Baghdad Blues: Trials and Tribulations of the Second Greatest Generation

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Their President sounded the clarion call and from across America they responded. All brave and honorable men, some seeking to live down the memory of highly compensated medical specialists and 4-F draft classifications during the 1960s, all destined undoubtedly, at least in their own minds and the minds of the like-minded, to become legendary Captains of American Industry. Each and all dedicated, in the beginning at least, and in word if not deed, to the Commander in Chief’s notion that the good people of Iraq and all around the world were yearning to become Americans.

Submitted: May 01, 2016

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Submitted: May 01, 2016



Their President sounded the clarion call and from across America they responded.  All brave and honorable men, some seeking to live down the memory of highly compensated medical specialists and 4-F draft classifications during the 1960s, all destined undoubtedly, at least in their own minds and the minds of the like-minded, to become legendary Captains of American Industry.  Men who a mere 40 years ago had stepped boldly forward to “develop  ourselves in a different direction” and stand on principle, as opposed to taking the easy way out and taking their chances with the  draft.  Men dedicated to the principle that that letter in freshman golf made the world and America a better place to live. 

Hundreds of them from boardrooms across America marched proudly into the basement of the White House for their vetting interview, answering difficult questions like “Who did you vote for in the recent Presidential election” and onward, through the arduous checkout lines at the Banana Republic or other high end vender of safari vests and hats, to the Presidential Palace, headquarters of the Coalition Provisional Government, the CPA, ensconced as it was deep inside the Baghdad Green Zone, surrounded by the flimsiest of 10 foot tall, ten ton steel reinforced concrete barriers and guarded from evil by nothing more than a thin line of United States Infantry, seeking to prove their mettle.  Some came as highly graded, highly paid and highly placed U.S. government Executive Employees.  Others as highly paid independent contractors, paid for with Iraqi oil sales proceeds, bringing the wisdom of their country club cocktail lounge happy hour discourses and dialogues.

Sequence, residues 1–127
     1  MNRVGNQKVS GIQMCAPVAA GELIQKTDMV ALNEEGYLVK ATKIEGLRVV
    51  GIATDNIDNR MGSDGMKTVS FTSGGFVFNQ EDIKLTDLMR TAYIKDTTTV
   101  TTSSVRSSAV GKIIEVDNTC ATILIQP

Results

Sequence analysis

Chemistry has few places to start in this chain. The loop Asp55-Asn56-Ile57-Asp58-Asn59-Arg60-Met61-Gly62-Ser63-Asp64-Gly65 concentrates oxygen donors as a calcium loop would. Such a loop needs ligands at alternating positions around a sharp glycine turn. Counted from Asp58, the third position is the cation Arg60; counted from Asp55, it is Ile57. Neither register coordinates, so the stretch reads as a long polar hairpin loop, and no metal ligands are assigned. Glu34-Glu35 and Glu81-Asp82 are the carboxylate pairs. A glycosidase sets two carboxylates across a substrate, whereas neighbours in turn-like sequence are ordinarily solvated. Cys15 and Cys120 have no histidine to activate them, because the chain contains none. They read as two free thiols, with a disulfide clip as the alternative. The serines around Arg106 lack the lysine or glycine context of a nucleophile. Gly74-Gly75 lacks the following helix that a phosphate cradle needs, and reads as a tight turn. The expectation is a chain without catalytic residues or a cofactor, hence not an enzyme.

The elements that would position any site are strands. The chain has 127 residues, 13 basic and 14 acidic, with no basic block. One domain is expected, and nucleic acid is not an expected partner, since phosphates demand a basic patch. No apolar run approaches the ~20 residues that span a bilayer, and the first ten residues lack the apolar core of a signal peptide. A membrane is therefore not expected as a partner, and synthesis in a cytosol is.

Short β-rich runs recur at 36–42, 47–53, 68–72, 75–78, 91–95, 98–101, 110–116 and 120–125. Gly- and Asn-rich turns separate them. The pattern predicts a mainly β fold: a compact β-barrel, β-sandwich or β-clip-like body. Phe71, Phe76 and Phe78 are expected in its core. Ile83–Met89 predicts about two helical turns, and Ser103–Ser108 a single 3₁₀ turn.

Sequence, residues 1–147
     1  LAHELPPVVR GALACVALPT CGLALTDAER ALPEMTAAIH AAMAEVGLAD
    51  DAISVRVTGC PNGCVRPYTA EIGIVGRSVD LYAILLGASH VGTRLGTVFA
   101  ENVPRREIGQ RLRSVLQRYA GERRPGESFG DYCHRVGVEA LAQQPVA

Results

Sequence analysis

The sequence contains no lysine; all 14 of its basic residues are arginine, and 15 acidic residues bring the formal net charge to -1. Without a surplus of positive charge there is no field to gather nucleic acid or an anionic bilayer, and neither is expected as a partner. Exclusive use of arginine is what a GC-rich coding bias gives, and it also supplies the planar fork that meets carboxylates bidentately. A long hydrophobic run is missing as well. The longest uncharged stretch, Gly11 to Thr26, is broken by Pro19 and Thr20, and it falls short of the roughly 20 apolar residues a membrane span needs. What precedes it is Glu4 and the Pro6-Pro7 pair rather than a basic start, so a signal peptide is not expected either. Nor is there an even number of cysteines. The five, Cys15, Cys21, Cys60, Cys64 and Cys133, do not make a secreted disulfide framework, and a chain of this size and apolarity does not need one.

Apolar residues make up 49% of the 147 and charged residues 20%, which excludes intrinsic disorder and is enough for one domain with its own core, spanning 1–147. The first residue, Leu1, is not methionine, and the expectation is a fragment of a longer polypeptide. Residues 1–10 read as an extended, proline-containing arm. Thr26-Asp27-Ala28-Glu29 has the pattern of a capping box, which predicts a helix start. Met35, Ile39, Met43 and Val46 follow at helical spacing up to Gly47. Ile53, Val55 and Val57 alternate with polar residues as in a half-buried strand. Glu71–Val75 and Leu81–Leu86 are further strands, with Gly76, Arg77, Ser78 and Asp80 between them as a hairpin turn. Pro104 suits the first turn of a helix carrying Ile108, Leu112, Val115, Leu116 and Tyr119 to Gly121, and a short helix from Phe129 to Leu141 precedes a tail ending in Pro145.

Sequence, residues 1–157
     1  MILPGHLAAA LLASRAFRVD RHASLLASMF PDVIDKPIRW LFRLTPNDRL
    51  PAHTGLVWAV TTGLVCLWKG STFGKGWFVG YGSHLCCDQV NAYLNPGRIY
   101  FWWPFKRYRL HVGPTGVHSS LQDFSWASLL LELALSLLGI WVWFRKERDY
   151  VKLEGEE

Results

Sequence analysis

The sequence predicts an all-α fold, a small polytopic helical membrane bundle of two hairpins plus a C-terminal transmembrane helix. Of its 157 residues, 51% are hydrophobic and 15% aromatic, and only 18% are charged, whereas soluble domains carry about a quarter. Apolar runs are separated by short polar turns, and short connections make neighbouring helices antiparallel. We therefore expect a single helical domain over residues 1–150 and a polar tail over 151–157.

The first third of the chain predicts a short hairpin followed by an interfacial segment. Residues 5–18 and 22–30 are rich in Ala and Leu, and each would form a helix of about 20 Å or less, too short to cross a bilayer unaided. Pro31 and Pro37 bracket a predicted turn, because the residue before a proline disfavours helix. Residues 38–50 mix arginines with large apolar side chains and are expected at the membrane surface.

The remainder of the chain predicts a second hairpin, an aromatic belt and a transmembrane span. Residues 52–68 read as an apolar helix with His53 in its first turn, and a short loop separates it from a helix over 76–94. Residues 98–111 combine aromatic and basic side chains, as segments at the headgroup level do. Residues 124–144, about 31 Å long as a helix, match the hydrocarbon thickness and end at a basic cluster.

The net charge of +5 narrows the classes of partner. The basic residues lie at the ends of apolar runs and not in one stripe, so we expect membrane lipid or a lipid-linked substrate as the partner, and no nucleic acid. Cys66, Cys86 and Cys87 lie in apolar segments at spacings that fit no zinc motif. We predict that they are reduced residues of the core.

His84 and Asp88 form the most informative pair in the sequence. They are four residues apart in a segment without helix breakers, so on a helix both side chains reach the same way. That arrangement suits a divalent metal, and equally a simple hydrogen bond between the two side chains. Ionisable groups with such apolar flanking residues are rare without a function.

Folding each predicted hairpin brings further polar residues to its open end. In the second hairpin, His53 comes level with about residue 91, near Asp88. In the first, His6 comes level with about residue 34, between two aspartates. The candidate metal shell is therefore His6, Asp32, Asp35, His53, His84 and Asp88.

Each and all dedicated, in the beginning at least, and in word if not deed, to the Commander in Chief’s notion that the good people of Iraq and all around the world were yearning to become Americans.

When faced with the task of setting up the Iraqi government’s process for disbursing Iraqi oil sales proceeds on deposit with the United States Federal Reserve Bank, simple minded folk, like professional accountants, and professional public finance managers, thought the solution was simple.  Banks have custody of money, but they don’t have the authority to spend it.  Central Banks have custody of a nation’s cash wealth, but only persons so authorized by the national Ministry of Finance have authority to write checks on that account.  So, the Central Bank can’t disburse funds without a check duly signed by an authorized officer.  This is what is known as separation of duties, or, a critical internal control.  Another important internal control, is requiring two signatures on paper checks.  Requiring two signatures on checks doesn’t eliminate the possibility of theft or fraud, but it does reduce it. 

Not surprising, the senior management of the Iraq Ministry of Finance, mostly men in their 70’s, British Charter Accountants with degrees from ancient British and Scottish universities and decades of experience, agreed with this. 

All of this, however, was accomplished without the consultation of the Captains.

Time marched on, as it does, and the Iraqi governmental transition neared.  Trouble makers, mostly auditors from various U.S. government agencies and U.S. Congressmen with backgrounds in banking or public finance, were already questioning the wisdom and propriety of various and sundry projects and programs spending both U.S. and Iraqi money. 

Baseless assertions that many of the CPA let contracts, using Iraqi funds, added little or no value to the development process or were let to unqualified companies or individuals were rampant.  Petty examples included hiring banking specialists instead of the Certified Public Accountants or Charter Accountants, as required by the agreement between the President of the U.S.A. and the United Nations to account for the Iraqi funds spent by the Coalition.  Another example, was the purchase of 115, $16,000 computerized fingerprinting and photo ID producing kits scattered around the country for the purpose of eliminating ghost employees that were not linked, could not be linked, and had limited storage.But, to their credit, these machines were very effective in preventing employees from fraudulently receiving more than one paycheck from a single work site.